House of The Dead: Overkill is a 2009 prequel to the Arcade series of the same name. It features the head-popping antics of House of The Dead's Agent G, and his incredibly cliche` no-nonsense black sidekick Isaac Washington, who uses the word "Motherf*cker" at any given opportunity. Its done in a very "Grindhouse" movie style, and the screen is crackly throughout with faulty film effects and missing reels in the story. This really takes the emphasis off the graphical models which are somewhat dated, but well-animated. There's not a massive amount of variation in enemies, and its a bit repetitive, with not much to break up the action, but this can definitely be expected of games of this format.
Like the other games in the series, its entirely on-rails, and features a lot of shakycam action, as you blast through hordes and hordes of zombies.The levels are long and all start with trailers akin to grindhouse movies. The plot is thin as ever with House of The Dead, and the characters are often incongruous with clunky dialogue and weird voice acting. There's a bit of mild charm to it, and there's clearly some influence of 1980s action cop movies.
The main problem with the game is that, unlike all of the other earlier games in the series, the game does not account for increase in difficulty during two-player mode. This means that even when you play on "Extra Mutants" mode or "Uncut" mode, its still far too easy when playing with a friend, especially when you pull out the big guns. Also, you get really confused as to which target reticule belongs to whom, which for me, vastly detracted from the gameplay. The reticule can be turned off, but only for Player 1, which only leads to more confusion. - Two player mode is ultimately flawed.
One very nice element, however, is that you amass points by shooting at trophies shaped like brains throughout the levels, and this, coupled with the points you get from headshots, combos and kills, can be spent between levels at the "Gun Shop" where you can buy pistols, submachineguns, rifles and shotguns and upgrade them quite extensively.
There's some unremarkable target-shooting, survival level minigames too, that aren't really anything special and don't add much.
The guns definitely give a visceral feel to the player. The sound effects are pretty great and the music is silly but dynamic and entertaining. It works best with Light-Gun peripherals for the best combat experience. Its a pretty good shooter on the Wii but they could've made it a lot better.
Supports 1-2 players.
Only requires WiiMotes.
The House Of The Dead : Overkill ( Nintendo Wii )
This game is a long waited return from the house of the dead franchise, the original house of the dead games are what we all probably remember for back in the arcades where you used to have great fun shooting zombies!
This newer version that has been created for the Nintendo Wii is more of the same which is great. The graphics are not great but there still very playable and Sega seems to have used this to there advantage and made the game quite cheesy and funny.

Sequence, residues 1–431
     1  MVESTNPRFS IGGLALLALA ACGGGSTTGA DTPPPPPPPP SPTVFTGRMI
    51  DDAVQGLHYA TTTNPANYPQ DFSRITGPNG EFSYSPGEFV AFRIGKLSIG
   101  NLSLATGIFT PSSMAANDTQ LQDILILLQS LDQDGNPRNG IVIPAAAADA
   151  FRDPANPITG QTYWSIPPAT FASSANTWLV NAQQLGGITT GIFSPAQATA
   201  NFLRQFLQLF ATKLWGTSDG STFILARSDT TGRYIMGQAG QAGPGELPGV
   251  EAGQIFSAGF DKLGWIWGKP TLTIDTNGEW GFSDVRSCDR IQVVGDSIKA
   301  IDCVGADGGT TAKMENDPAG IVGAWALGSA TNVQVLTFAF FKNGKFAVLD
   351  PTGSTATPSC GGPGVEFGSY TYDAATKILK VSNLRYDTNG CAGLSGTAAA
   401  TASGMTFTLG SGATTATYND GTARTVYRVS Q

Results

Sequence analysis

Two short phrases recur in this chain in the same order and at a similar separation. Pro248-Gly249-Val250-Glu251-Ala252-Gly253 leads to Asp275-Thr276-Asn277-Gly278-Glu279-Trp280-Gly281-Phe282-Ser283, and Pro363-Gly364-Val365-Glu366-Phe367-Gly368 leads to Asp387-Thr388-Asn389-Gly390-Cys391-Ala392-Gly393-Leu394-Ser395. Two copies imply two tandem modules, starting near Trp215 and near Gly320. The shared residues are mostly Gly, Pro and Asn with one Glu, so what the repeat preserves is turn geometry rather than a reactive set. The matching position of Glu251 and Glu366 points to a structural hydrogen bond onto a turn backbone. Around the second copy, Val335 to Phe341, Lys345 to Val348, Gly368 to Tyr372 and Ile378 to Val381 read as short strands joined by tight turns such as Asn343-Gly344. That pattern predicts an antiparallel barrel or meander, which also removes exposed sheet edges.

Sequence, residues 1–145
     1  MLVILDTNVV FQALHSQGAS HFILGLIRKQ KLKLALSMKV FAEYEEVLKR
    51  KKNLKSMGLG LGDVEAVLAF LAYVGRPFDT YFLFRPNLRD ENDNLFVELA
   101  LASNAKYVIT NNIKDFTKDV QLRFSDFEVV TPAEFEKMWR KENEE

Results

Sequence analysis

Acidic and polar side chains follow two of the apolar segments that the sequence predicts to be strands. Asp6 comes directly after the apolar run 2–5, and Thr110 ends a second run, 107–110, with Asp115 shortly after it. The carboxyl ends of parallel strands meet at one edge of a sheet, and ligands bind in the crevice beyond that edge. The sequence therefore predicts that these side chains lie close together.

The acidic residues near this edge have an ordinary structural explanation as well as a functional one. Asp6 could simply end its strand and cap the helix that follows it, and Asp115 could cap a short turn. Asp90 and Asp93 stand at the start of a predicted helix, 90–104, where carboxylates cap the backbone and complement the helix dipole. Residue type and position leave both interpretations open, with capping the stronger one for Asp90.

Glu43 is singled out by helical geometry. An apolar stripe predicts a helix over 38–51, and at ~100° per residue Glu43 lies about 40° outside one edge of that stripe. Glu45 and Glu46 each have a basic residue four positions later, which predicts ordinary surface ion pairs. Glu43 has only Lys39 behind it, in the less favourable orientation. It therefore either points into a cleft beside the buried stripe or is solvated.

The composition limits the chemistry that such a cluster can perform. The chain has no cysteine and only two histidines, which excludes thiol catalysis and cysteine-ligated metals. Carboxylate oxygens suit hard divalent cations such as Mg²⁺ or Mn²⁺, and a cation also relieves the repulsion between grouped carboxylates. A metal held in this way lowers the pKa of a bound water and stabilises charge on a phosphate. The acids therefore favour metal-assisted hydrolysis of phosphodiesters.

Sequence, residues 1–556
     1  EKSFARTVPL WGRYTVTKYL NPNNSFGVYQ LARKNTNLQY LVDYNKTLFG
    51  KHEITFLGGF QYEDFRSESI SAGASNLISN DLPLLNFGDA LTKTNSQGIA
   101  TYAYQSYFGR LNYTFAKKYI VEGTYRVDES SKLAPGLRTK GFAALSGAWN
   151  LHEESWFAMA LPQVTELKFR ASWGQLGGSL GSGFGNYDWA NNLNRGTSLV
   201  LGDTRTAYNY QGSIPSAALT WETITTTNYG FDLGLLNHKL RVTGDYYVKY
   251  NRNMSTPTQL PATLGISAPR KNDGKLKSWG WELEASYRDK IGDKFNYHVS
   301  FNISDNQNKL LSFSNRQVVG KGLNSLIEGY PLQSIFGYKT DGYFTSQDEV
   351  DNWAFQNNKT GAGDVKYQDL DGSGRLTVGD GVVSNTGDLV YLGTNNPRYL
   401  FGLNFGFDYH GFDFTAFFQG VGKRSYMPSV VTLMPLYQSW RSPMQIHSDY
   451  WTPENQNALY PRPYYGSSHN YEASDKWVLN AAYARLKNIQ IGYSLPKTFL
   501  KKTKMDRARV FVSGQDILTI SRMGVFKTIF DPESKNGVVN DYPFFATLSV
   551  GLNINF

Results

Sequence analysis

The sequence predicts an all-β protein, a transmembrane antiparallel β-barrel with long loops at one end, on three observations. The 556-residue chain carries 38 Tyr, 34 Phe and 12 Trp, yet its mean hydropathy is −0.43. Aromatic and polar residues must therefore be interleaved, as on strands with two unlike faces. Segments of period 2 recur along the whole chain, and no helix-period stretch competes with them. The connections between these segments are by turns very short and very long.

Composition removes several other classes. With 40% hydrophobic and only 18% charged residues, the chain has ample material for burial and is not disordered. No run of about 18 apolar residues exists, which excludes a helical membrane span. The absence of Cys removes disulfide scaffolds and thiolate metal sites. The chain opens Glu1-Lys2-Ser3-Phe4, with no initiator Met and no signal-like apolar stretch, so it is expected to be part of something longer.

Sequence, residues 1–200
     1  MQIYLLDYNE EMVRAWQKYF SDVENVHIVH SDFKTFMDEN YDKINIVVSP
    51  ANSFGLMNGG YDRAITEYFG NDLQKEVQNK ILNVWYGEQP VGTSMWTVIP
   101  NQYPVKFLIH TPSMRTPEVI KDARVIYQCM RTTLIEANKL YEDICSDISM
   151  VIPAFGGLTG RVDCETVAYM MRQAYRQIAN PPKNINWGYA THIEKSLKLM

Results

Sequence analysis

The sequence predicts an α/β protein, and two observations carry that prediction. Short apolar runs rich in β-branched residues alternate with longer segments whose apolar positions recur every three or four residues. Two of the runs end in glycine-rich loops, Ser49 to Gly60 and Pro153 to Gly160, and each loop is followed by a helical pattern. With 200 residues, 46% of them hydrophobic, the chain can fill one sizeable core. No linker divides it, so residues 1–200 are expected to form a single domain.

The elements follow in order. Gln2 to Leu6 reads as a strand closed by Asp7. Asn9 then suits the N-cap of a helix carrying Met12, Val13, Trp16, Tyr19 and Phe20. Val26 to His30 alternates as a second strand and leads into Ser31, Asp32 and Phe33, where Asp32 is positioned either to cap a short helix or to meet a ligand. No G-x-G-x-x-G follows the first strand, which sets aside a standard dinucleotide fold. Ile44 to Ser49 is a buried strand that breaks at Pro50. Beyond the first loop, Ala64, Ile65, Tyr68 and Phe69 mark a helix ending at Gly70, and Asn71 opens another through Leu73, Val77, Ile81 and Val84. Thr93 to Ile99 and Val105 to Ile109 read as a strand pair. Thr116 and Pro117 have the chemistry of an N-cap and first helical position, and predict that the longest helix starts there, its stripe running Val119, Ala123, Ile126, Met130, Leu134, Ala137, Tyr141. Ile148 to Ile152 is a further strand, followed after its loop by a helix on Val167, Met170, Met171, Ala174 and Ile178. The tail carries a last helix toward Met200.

The aim of the game is simple, kill zombies and survive the level, your wii remote is what is used as a gun in this game and the game itself directs you around each level so all you have to do is point and shoot,
As you advance through the game different types of weapons become available to you from machine guns to shot guns etc and each has its own characteristics and can help you progress further.
The game is an absolute bargain now and you can pick it up for around £10 - £15 pound, its defiantly worth ago!!!
Caution though there are scenes of strong language in this game as well as gore !!!!
House of the Dead: Overkill is the latest offering from the well known first person zombie blaster series. It's an on rails shooter for one or two people with an outrageous story line that takes you to different locations filled with the freaky mutants so that you may find, stop and wreak revenge on the person that started it all.
Warning: This game is not for the faint of heart. As the 18 rating shows, it's not only full of blood and gore, but excessive amounts of swearing, and some moments that I can only describe as really gross (I'd give examples but it would completely ruin the storyline). Yet, somehow it doesn't really offend. Overkill has a great, jokey sense of humour about it and the whole game is set in a B movie style, with each level having a name such as "Papa's House of Pain" and comes complete with a trailer-esque voiceover at the beginning. There are even deliberate mistakes in the cut scenes!
Shooting the zombies and defeating the bosses is satisfying, but the game isn't too much of a challenge, especially once you've upgraded your weapon to something like a shotgun or an assault rifle. However, there is an option to add extra mutants to levels to increase difficulty, which will also help you earn more money. Overkill is also incredibly short even with replay value added. It only took me a few hours to complete story mode. This opened up "directors cut" to me, which basically made the levels a bit longer, but again I easily completed it. For those who like to fully complete a game, there are certain challenges, which once completed will open up extra content, but the majority of this is art and 3D models. Not that exciting.